Sunday liquor sales gets first committee OK
ST. PAUL -- A dozen Wisconsin snowmobilers walked into Dave Erickson's bar and liquor store last Sunday wanting to buy alcoholic beverages to take back to the resort where they were staying.
But Erickson could not sell the booze because that would violate state law that bans Sunday liquor sales, something a Senate committee Wednesday narrowly voted to change.
"It saddens me," the owner of D-Ericks Liquors in Tower told the Senate Commerce Committee about not being able to serve his customers.
Erickson said he has turned away more than a thousand people in the past year because of the law.
Wednesday's Senate committee hearing showed that not all liquor store owners want the so-called "blue law" changed, with some saying an extra day of being open would add to their costs.
The committee voted 8-7 to send the bill authored by Sen. Roger Reinert, DFL-Duluth, to the Senate Finance Committee. The full Senate could vote on the measure later this spring if the Finance Committee approves it.
A similar House bill has not received a committee hearing.
Reinert's bill would overturn decades of tradition that liquor stores must be closed on Sundays, although bars may be open. While his bill originally would have continued to require them to close on Christmas, that was amended out of the measure Wednesday, so a store could be open every day.
"My motivation is freedom in the marketplace," Reinert said.
The senator has helped a Duluth liquor store owner and watched many from his area drive over bridges to buy liquor in Superior, Wis., on Sundays. That prompted him to offer the bill.
Liquor store operators testifying to the committee split on the issue.
"The present liquor law is archaic," declared John Wolf, owner of a south Minneapolis store.
Manager Candice Woods of Hutchinson Municipal Liquor, however, joined others in saying that opening an extra day would only spread the same business over seven days. In her case, that would cost $60,000 a year, she said, which would mean less money Hutchinson would receive in a time when the city needs more revenue.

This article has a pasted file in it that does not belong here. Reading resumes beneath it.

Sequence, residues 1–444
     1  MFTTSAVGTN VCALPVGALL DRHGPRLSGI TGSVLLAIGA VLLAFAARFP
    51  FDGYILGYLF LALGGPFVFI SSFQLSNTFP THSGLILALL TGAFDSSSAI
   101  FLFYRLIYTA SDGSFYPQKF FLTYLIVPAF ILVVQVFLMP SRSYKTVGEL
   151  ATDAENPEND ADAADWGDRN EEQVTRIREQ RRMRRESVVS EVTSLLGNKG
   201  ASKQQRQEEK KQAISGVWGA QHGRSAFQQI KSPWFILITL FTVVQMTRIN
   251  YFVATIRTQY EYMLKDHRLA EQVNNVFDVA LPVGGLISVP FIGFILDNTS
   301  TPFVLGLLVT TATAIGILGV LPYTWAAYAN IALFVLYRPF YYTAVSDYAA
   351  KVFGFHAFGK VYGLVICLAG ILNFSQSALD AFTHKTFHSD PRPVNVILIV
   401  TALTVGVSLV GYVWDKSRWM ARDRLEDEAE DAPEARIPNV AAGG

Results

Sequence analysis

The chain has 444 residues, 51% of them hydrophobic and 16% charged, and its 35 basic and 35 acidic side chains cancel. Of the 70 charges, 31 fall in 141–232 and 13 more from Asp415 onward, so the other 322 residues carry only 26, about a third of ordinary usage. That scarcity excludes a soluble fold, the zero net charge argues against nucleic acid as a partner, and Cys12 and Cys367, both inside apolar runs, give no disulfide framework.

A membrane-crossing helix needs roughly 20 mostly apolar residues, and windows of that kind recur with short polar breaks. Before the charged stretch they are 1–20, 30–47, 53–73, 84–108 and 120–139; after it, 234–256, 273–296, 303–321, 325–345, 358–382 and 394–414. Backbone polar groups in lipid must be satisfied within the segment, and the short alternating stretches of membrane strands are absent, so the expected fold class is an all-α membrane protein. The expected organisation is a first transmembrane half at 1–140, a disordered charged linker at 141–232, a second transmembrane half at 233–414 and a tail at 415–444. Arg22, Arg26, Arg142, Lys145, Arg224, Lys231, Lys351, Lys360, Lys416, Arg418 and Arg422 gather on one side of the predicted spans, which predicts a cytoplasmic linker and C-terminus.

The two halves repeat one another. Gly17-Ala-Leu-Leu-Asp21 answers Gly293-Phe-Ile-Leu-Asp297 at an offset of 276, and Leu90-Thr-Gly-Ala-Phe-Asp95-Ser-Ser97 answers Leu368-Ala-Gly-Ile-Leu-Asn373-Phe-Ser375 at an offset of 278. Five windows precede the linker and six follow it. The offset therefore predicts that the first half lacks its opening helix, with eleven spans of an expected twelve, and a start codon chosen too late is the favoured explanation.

Liquor stores in nearby communities such as Willmar and St. Cloud would steal her customers if she did not open on Sundays, Woods told the committee.
Reinert suggested that liquor stores could close on a day other than Sunday if business were slower then. There is nothing in his bill to require a store to open on Sundays.
President August Berkshire of Minnesota Atheists said he supports the bill because Sunday was set aside as a Christian day off and no law should favor religion. Tom Prichard of the Minnesota Family Council, however, said Minnesotans need a day of rest.
Tom Hanson, a former state finance commissioner, represented the Distilled Spirits Council of the United States and said all neighboring states allow Sunday liquor sales and they serve "the same type of people, same types of values."
Hanson said the state could get up to $10 million a year more in taxes from extra sales made on Sundays, although bill opponents said that is far too high a figure.
Rick Anderson of a Minneapolis liquor store said that if "there is some sort of beer emergency on a Sunday," those involved always could go to a bar.
The next committee hearing is not scheduled, but Reinert does not expect it for several weeks. The bill's future in uncertain, something underscored by the close committee vote.
"Now, we start again," Reinert said.
Don Davis reports for Forum Communications Co.